Release type: Media Release


Investment of $4.1 billion in skills and training to meet critical economic challenges


The Hon Brendan O'Connor MP
Minister for Skills and Training

The Albanese Government is prepared to invest an additional $3.7 billion for a five-year National Skills Agreement (NSA) to be negotiated with states and territories, in addition to $400m to support another 300,000 TAFE and vocational education and training (VET) Fee-Free places.

This investment shows the commitment of the Albanese Government to working in partnership with states and territories to ensure Australia’s VET sector, with TAFE at the heart, provides high-quality, responsive and accessible education and training, equipping Australians with the skills they need for well-paid, secure work and filling skill gaps for employers.

Subject to successful negotiation of the NSA, this will take total Commonwealth investment in state and territory training systems to $12.8 billion over five years.

After a decade of discord, our Government is pursuing a collaborative approach with states and territories and is inviting them to participate in national stewardship to address agreed national priorities and VET reform areas through the five-year NSA commencing January 2024.

Subject to successful negotiations, funds will be available in line with the vision and guiding principles agreed at National Cabinet prior to the Jobs and Skills Summit, to support major reform areas including:

  • Foundation skills: coordinated effort to ensure that Australian adults lacking language, literacy, numeracy and digital skills can gain essential skills for work, career progression and successful completion of a vocational education training course or an apprenticeship. Lack of foundation skills is estimated to impact three million Australians.
  • 300,000 Fee-Fee TAFE courses: in essential sectors such as care and support (aged, disability, veterans and early childhood and education), clean economy, manufacturing and sovereign capability (including defence industries), construction, agriculture, hospitality, tourism, cybersecurity and technology.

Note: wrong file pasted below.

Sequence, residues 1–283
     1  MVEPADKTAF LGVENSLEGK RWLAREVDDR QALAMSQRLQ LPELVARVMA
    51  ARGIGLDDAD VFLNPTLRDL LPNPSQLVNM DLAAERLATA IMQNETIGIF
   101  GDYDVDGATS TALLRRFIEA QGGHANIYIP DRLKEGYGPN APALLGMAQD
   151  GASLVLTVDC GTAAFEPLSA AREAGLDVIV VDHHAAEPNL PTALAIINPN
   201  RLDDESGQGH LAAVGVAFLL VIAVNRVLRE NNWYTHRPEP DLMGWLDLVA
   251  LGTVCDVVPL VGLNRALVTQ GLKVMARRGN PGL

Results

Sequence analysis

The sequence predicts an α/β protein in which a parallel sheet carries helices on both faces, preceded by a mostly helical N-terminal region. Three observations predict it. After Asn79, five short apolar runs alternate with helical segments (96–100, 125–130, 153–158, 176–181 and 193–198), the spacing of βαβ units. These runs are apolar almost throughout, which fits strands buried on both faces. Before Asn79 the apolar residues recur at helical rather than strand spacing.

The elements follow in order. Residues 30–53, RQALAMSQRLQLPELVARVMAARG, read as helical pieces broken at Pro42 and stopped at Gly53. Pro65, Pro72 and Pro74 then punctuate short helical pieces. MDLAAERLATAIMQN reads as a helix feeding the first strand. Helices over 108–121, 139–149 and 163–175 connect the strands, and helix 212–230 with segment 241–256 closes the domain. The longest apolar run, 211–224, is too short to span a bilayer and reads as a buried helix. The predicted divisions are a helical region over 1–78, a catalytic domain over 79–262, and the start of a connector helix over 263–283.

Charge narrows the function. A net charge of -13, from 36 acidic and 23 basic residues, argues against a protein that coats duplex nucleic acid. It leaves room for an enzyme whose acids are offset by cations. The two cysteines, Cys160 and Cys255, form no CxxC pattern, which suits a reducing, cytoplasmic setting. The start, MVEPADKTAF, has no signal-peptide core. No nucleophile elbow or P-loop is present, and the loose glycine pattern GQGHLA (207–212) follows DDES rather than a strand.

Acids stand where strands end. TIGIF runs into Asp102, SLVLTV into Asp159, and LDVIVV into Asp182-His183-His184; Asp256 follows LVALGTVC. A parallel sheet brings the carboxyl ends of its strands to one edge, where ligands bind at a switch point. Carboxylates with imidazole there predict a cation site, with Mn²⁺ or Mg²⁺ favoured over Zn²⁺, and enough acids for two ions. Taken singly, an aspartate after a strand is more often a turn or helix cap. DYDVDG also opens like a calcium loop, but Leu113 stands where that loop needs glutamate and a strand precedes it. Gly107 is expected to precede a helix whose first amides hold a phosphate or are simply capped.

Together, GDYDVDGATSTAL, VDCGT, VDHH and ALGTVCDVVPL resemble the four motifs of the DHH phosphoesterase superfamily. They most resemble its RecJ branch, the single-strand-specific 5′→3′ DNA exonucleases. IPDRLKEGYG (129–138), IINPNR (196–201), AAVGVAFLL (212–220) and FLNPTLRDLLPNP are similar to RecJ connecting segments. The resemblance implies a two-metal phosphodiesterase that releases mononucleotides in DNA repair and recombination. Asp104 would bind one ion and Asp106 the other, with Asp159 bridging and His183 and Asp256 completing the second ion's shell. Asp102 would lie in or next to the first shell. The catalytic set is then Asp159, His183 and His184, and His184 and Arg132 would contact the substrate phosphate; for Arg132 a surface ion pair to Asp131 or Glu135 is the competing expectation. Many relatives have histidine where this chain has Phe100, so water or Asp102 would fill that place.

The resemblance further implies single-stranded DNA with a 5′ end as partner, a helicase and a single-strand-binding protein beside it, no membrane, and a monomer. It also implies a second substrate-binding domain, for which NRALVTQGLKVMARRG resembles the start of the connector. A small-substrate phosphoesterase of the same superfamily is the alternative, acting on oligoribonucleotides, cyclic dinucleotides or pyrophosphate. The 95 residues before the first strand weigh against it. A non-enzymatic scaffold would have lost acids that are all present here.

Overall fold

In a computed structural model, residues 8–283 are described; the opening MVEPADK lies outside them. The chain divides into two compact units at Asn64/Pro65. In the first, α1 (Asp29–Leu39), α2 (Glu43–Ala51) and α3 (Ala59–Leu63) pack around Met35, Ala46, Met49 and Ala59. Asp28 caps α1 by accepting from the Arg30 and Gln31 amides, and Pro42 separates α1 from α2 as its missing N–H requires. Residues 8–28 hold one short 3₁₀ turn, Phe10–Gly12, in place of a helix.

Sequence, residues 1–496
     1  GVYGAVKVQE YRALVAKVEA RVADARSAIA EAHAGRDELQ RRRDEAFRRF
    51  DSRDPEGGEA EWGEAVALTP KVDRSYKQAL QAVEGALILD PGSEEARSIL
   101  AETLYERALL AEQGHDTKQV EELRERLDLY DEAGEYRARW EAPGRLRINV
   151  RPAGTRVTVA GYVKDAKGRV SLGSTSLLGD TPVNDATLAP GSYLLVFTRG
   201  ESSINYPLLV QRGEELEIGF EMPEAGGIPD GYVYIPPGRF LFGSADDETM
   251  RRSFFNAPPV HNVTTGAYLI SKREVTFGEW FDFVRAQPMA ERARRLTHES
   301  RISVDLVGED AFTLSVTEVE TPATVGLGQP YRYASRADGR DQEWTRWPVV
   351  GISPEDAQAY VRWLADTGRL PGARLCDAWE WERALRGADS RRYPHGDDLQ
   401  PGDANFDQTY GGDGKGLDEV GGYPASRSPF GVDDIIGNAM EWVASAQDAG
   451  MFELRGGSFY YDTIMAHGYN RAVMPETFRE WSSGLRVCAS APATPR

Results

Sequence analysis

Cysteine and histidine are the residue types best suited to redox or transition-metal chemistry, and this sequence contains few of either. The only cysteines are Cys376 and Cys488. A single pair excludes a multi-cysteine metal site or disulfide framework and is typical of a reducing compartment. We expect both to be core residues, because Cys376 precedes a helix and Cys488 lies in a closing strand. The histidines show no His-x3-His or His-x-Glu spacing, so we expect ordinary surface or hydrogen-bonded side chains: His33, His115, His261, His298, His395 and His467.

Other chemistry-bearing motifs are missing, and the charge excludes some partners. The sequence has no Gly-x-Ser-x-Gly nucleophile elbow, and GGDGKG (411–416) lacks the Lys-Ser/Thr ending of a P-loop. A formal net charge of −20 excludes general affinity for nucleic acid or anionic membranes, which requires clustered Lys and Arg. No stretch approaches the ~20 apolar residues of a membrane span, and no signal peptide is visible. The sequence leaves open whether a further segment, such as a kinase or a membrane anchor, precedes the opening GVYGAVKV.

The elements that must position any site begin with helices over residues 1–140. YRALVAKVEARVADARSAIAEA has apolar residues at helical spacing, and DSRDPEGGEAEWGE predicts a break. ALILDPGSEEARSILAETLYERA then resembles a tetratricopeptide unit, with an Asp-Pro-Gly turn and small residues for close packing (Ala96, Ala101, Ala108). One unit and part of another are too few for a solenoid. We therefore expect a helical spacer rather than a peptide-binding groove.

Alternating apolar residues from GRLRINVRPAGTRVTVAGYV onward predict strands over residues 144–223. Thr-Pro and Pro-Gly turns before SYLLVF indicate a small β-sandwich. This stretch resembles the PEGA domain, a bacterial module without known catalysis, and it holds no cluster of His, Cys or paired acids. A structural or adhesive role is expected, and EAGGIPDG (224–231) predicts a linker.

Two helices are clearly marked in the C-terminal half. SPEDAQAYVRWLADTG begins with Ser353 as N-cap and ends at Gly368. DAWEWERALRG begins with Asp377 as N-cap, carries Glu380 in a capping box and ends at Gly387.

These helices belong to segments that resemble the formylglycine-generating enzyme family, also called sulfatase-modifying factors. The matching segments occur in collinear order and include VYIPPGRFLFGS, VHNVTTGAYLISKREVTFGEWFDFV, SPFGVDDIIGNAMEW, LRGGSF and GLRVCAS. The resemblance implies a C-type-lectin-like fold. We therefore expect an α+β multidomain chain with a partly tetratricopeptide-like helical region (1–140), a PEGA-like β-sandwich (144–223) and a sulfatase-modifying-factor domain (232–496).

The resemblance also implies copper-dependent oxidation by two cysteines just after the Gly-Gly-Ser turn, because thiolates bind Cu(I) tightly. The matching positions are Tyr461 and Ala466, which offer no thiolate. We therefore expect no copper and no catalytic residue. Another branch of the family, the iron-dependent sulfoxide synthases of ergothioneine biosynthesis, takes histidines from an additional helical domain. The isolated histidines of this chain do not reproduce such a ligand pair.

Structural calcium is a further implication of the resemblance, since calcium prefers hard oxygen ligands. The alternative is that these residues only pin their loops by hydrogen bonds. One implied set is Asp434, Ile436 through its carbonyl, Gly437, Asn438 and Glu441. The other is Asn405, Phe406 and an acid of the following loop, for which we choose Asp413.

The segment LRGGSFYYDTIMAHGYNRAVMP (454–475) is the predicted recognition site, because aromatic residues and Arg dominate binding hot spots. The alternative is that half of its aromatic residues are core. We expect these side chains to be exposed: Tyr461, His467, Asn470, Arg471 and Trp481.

• Closing the Gap for First Nations students and apprentices - working closely with First Nations people, their communities and training providers to support skill development that works for them and supports their career opportunities.
  • Women’s participation and gender equality – coordinated effort to support women to successfully enrol and complete VET courses and apprenticeships, with an emphasis on accessing skills in better paid occupations including trades traditionally dominated by men. Men will also be encouraged to participate and gain skills in fields where women have been historically over-represented, such as care.
  • Completion rates and support for students who face barriers: coordinated national effort to lift completion rates and improve outcomes for VET students and apprentices, with a focus on students facing barriers and historically underrepresented in the workforce, including those with a disability.
  • Centres of Excellence: TAFE Centres of Excellence to partner with industry, universities, and governments to address critical challenges in our economy such as transition to a clean economy, manufacturing and sovereign capability and care and support.
  • TAFE at the heart: supporting high-quality vocational education and training, curriculum development, research and innovation through leadership networks and collaboration.
  • VET Workforce capability: to be developed in partnership with the sector a VET Workforce Blueprint will strengthen the sector and support a high-quality VET workforce, which teaches up to date industry relevant curriculum.

Strides have already been made through the Albanese Government’s partnership approach, with delivery of a 12-month agreement that has created 180,000 Fee-Free TAFE and Vocational Education Training places this year.

Australia is facing an acute skill shortage, with the number of occupations experiencing a skills shortage almost doubling from 153 in 2021 to 286 in 2022. Furthermore, 60 per cent of total employment growth is in jobs for which VET is the primary pathway.

It is vital the Commonwealth, State and Territory governments work together to create a higher quality, more dynamic and more resilient VET sector to deliver our future workforce and provide hundreds of thousands of Australians access to high-quality training.

All governments have committed to working in partnership to negotiate the NSA to be in place by 1 January 2024.